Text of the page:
Panelist at the Discover the beauty symposium grapple with the problems faced by women directors around the world.
The Discover the beauty symposium, sponsored and co-sponsored by Japan Cultural Expo and Short Shorts Film Festival & Asia, took place this week and we would like to highlight some of the important discussions from the panelists.
At this symposium, women in the film industry discussed the role of women in film in the USA and Japan with moderator Chuk Besher. Panelists included art director and Emmy winner Chikako Suzuki, documentary director Ema Ryan Yamazaki, and Japanese commentator and actor LiLiCo.
The discussion also touched on the topic of “beauty” and looked back through history on the Japanese women who contributed to the establishment of Japanese beauty culture and who are highly regarded abroad.
“Discover Beauty” also showed the “Discover Beauty Program”, a collection of short films that show Japanese beauty from the perspective of female directors. If you missed it, check out the lineup of all female-directed shorts on the Discover Beauty program.
Check out the Beauty Symposium recording below, then take a look at the top takeaways!
The celluloid ceiling
Besher opened the discussion with statistics from Center for Research on Women in TV & Film about how few women in Hollywood are in leadership positions.
Suzuki, who works exclusively in Hollywood, said she’s seen things change since the #MeToo movement emerged, and she’s seeing more women even in the male-dominated light and handle departments.
“I don’t think women work thinking that they are women,” said Suzuki. “But they can definitely bring another element to the set. And I feel like female actors and actresses, they feel a little more comfortable when there are more women on the set.”
Yamazaki, who works mostly in New York, told a story about a female boss who cut her maternity leave to secure her job. She fears that she will have to do the same.
“I’m very worried that if I don’t work for a few years, I will be forgotten in a way.” said Yamazaki. “I think it’s kind of an unyielding industry, both in the US and Japan. But I think especially in Japan there are still problems with working with young children that I see in the near future.”
LiLiCo (who was born and raised in Sweden) agreed, saying that women in Japan are discriminated against when they want to have children.
Creation of various crews
Yamazaki said she had only recently started thinking about getting or losing a job because of her gender. She is aware of this when overseeing her own projects.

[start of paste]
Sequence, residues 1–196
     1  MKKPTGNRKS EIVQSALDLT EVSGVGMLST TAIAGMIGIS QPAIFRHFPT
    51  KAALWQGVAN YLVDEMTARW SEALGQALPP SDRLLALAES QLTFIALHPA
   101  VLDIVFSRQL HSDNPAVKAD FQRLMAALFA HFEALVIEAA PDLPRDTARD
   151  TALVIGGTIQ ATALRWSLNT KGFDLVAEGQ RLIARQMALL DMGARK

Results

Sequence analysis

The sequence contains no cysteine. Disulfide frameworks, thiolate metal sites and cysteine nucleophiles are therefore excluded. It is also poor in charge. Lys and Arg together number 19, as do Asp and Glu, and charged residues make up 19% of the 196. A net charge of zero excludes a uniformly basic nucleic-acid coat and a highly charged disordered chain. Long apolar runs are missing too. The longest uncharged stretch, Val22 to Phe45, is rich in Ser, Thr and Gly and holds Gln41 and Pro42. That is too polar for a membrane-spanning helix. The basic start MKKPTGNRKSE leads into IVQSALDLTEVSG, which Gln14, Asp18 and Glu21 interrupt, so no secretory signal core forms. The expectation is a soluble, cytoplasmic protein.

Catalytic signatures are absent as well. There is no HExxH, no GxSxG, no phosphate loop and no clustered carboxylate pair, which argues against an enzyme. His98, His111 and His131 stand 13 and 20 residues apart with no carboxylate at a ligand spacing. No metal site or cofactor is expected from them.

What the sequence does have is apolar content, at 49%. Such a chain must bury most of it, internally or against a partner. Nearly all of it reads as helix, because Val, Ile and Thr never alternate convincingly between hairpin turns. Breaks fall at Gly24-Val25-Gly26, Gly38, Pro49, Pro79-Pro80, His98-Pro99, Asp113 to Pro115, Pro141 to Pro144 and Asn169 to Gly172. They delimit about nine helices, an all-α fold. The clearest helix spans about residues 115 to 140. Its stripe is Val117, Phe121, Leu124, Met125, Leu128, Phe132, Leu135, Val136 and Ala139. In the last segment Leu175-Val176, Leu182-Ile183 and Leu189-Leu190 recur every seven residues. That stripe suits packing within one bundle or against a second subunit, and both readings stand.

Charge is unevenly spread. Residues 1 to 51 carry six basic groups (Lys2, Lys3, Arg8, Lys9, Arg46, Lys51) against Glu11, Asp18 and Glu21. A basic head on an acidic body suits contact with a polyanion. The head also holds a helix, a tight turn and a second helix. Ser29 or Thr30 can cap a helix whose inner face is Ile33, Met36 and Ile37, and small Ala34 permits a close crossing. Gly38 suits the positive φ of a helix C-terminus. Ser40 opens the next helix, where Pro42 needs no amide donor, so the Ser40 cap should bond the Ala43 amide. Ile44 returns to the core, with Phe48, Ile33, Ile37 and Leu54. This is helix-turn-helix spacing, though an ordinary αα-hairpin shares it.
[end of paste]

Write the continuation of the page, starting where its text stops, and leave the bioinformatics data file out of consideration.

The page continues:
“I watch out for younger women,” she said. “Because if I had known what I know now when I was 10 years younger, I shouldn’t have been so scared sometimes. But I also think that it depends on the woman. When I put a crew together, I just want to think of the best person for the job. Since I’m a woman and I’m the director, I like to balance the teams. I often work with male directors because, depending on the topic, different people can be attracted to different personalities, different genders. “
For example, if her subjects are young children, she would like to have different options on the crew that can connect with those subjects.
The struggles of Japanese films
The proportion of women writers and directors in Japan is quite low, as Besher emphasized.
Yamazaki said, “Very few girls dream of becoming film directors because there are very few role models. I can’t really imagine that there would be no interest if the opportunity were more normal. I think Japan lies in this one Respect pretty back. ” . “
Suzuki said she didn’t take any projects in Japan because she didn’t feel as creative as she was in Hollywood. She told a story about being asked to act as a consultant on a project, but the person she asked for help was a Japanese who treated her as if he didn’t want her help.
“I feel like [the] Japanese industry has this old way of doing things, “she said.
This was an amazing insight into Japan’s film industry and how women are treated in film around the world. Make sure to stop by the entire panel for more of these experts!
About SSFF & ASIA
Short Shorts Film Festival & Asia is an Oscar accredited festival. This means that the winner of the best short film prizes in the competition as well as the non-fiction competition can be nominated in the short film categories of the Academy Awards next year.
The festival was founded in 1999 as the Short Shorts Film Festival (SSFF). In 2004, the SSFF added a program for Asian short films and, with the support of the Governor of Tokyo, founded the Short Shorts Film Festival Asia.
Now the combination of the two festivals takes place annually in Tokyo as Short Shorts Film Festival & Asia, one of the largest short film festivals in Asia. This year’s festival will take place June 11-21 with online and in-person demonstrations and events.
Check out all of our festival reports here!